“A person never gains anything in real power, in real lasting influence except as he remains always himself, always natural, always simple-and whenever he departs from that attitude, yielding to the temptation to imitate somebody else, of something else, to be that which he is not, in that same degree he loses his influence, he loses his power, and his strength.”-Booker T. Washington, “A SundayEvening Talk, “January 10, 1909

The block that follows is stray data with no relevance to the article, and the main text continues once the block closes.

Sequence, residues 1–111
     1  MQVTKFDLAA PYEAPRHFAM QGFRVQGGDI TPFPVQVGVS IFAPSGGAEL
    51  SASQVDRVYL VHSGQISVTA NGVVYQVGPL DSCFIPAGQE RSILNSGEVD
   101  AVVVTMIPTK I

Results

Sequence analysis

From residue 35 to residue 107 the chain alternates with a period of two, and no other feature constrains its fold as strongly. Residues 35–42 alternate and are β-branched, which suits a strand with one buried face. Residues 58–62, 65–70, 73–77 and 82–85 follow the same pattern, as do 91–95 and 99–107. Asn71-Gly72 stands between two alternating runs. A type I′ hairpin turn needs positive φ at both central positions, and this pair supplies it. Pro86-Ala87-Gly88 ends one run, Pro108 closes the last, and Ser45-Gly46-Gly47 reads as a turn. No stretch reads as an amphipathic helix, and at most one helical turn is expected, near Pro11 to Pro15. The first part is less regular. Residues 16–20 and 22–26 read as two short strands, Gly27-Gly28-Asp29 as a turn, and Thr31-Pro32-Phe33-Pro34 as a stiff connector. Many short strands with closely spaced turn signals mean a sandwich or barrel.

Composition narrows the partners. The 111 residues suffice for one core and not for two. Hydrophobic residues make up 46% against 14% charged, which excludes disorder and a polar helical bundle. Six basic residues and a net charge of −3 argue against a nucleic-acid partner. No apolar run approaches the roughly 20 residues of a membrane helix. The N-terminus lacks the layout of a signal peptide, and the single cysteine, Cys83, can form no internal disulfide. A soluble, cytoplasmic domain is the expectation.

Ralph Waldo Emerson suggests in his essay, “The American Scholar,” the following concerning individuals and their originality: “Is it not the chief disgrace in the world…not to yield that peculiar fruit which each man was created to bear [?]” And the founding principal and president of Tuskegee University, Booker T. Washington, reminds students about this all too forgotten principle in one of hisSunday evening talks. In sum, Washington and Emerson both bid students the following: Be Organic. Like fruit and trees, individuals come in all sizes and shapes. Moreover, they all serve different purposes. Still further, individuals have been born in different soils of environment, culture, creed and ethnicity for the singular purpose of fulfilling the distinct function they were each designed to fulfill in the earth. Each person is designed “to yield that peculiar fruit which each man [or woman] was created to bear.” And when a person, like a particular tree that was designed to produce a particular “fruit,” “departs” from its central purpose in life, “in that same degree he loses his influence, he loses his power, and his strength.” Any student, like any fruit-bearing tree, that is not developed or cultivated to produce that which he or she alone can produce cannot fulfill their “purpose” and tap into the requisite “passion” to succeed in their given career or still better “calling.” And Tuskegee University students-and all students situated anywhere in this increasingly global and knowledge-based economy-need look no further than the example of Booker Taliaferro Washington who Tuskegee University celebrates in this the centennial year since his passing (1915-2015). For this man’s life and work embodied and continues to embody the greatest 7-letter words in succession: Purpose, Passion and Calling.